Traditional BSN Curriculum

The Traditional BSN program prepares nurse generalists to work in hospitals, long-term care, and community settings. The professional (BSN) portion of the curriculum includes 65 credits and is designed to be completed in five semesters of full time study. A concept-based approach is used to foster development of clinical reasoning by assisting students to sort, analyze, and find connections in health information.

The concepts are categorized around three main categories: Healthcare Recipient Concepts (e.g., Functional Ability, Family Dynamics, Culture), Health and Illness Concepts (e.g., Homeostasis, Protection, Mood), and Professional Nursing Concepts (e.g., Nursing Roles, Collaboration, Population Health, Healthcare Economics). The concepts are introduced and reinforced throughout the curriculum using exemplars or case examples that a nurse will experience in their practice.  For example, the concept of immunity may be taught as a primary or interrelated concept at several points in the curriculum using exemplars such as rheumatoid arthritis, vaccination of children and adults, allergic reactions, or when understanding the immuno-compromised state a patient experiencing cancer treatment often faces.  Students and faculty will engage in active learning strategies designed to emphasize application of material rather than rote memorization.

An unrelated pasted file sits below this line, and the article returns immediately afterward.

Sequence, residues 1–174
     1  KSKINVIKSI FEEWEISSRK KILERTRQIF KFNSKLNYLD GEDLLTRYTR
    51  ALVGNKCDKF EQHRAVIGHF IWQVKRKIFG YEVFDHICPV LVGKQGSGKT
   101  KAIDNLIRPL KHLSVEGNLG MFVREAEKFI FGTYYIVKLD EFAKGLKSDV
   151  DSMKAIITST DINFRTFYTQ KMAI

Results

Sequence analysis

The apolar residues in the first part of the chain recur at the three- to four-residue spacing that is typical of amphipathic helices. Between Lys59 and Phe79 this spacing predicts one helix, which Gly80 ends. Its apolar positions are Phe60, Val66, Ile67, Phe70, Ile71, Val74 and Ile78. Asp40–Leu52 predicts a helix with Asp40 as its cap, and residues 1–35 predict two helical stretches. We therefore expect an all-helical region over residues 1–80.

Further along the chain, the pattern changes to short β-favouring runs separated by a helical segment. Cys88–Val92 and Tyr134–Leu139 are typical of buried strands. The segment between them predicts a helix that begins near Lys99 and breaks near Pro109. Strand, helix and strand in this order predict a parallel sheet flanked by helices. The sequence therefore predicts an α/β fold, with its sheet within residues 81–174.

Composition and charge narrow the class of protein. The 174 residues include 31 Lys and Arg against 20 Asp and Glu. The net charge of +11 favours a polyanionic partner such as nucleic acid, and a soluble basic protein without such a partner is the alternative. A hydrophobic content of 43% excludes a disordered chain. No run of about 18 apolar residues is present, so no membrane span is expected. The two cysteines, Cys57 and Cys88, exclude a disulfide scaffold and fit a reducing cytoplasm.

Graduates will be prepared to sit for the National Council of State Boards of Nursing Licensure Exam (NCLEX-RN).

Course descriptions are available in the undergraduate catalog: